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Calculating the force in suspension as a car hits the brakes

  1. Feb 3, 2016 #1
    Hello,
    Firstly thank you for reading my post.
    This is an interesting question I was wondering if anyone here could teach me how to work out.

    Say if you had a large go-kart (FSAE/Formula Student if anyone knows of that) and you were driving at 120kph and hit the brakes and stopped in 3 seconds, how much force is going through the suspension spring/dampener.

    Similarly what if it is going around a corner with a radius of 7.7kph at 80kph.

    Here is a diagram of what I am talking about. Its double A-Arm wishbone suspension, along with any data you will need, such as weights and dimensions.

    upload_2016-2-3_21-53-11.png
    upload_2016-2-3_21-53-31.png
    upload_2016-2-3_21-53-57.png
    upload_2016-2-3_21-55-35.png
    upload_2016-2-3_21-56-5.png

    upload_2016-2-3_21-56-20.png
    upload_2016-2-3_21-56-40.png
    cough cough http://brage.bibsys.no/xmlui/bitstream/handle/11250/183058/Master oppgave-endelig.pdf?sequence=1
     
  2. jcsd
  3. Feb 4, 2016 #2

    Ranger Mike

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    Ben..nice question...you are not addressing one HUGE part of the question...
    in racing, its all about tires, Tires, TIRES..
    tires are what interfaces between the immovable asphalt ( could be dirt but i digress) track and the moving object ( in this case..the race car).
    also the tire compound must be addressed. these things are covered in the slip angle charts for tire adhesion by the tire manufacturer. Other factors involved are track conditions..i.e. is track slick due to sum light or is track cold due to cloudy conditions..all impact the brakes...and what compound brake pads are you using or is it drum brakes?

    so you can not properly calculate the force going thru the suspension until you know the force countering the momentum...
    i suggest you read Race CAR Suspension Class in Mechanical Engineering section of this fine forum
     
  4. Feb 4, 2016 #3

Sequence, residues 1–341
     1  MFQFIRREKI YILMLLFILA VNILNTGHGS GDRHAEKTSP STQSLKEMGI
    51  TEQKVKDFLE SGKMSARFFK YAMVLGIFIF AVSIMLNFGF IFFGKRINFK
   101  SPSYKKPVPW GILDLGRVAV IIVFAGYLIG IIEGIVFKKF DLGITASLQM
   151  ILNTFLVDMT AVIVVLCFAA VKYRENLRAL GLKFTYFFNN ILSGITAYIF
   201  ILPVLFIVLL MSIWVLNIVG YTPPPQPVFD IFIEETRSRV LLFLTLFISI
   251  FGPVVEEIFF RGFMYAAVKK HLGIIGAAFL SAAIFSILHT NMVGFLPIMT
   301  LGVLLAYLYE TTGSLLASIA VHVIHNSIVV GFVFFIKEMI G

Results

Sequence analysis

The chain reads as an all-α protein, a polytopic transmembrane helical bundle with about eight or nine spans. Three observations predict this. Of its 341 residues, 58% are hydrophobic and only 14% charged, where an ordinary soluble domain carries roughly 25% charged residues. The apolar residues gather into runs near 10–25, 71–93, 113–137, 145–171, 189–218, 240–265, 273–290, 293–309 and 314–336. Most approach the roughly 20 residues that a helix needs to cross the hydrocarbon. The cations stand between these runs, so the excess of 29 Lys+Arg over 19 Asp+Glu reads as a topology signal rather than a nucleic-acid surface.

F=MA
    Force = mass x Acceleration (in this scenario, deceleration)
    M=350kg
    A= (120km/h)/3s = 11.1 m/s^2
    F= (350kg )11.1m/s^2
    = 3889N
    Now that's the total force from the car stopping from 120kph to 0 in 3 s. How it gets distributed throughout the suspension, I wouldn't be able to tell you.
     
  5. Feb 5, 2016 #4

    Ranger Mike

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    from a crew chief prospective

    Longitudinal Load transfer (LT) – Braking at 1.2 G retardation
    Vehicle weight x Center of Gravity Height / wheelbase
    An Indy car weighing 1760 lbs. total with 100” wheelbase and CG at 13” would have
    LT = 1.2g [ 1760x 13 / 100] = 275 lbs.

    the 1.2 G needs to be known..
    this is considering LOAD transfer as the front suspension would "feel" if it was possible to place this car on scales at speed..it is used to calculate spring rate required to reach maximum handling. Other factors are diagonal load transfer in a turn or while cornering but that is a whole new topic.
     
  6. Feb 8, 2016 #5
    upload_2016-2-8_9-27-59.png
    upload_2016-2-8_9-29-55.png
    Tire data on request from manufacturer.
    upload_2016-2-8_10-1-12.png
    upload_2016-2-8_10-2-9.png
    upload_2016-2-8_10-2-34.png
    upload_2016-2-8_10-2-52.png
    upload_2016-2-8_10-3-14.png
    Tire PSI of 22.
    A value of 3,500N to 4,000N from braking is roughly what I was expecting. Perhaps a bit lower.

    Ranger Mike here is what data I have for the tires and I'm working on getting extra information from a team mate. Yes how would I calculate the diagonal load transfer in a 7m radius turn during flat cornering. I read your MEGA-thread. Excellent writing. I couldn't find any section about diagonal loading though, especially on actually calculating , aside from the software you mentioned. Is the software free to download?

    Thanks
     
    Last edited: Feb 8, 2016
  7. Feb 8, 2016 #6

    Ranger Mike

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    Race car suspension class, page 37 post # 676 tells you how to figure the total amount of " weight transfer" as well as the amount going forward. Subtracting the amount going forward from the total will approximate the diagonal amount of " weight " transfer. This calculation is used to approximate the required spring rate to handle this.. " weight". It is a good way to begin to understand the dynamics of the suspension in a turn.

    On page 41 the true definition of LOAD transfer is for the purist who wants to understand the physics behind the process.
     
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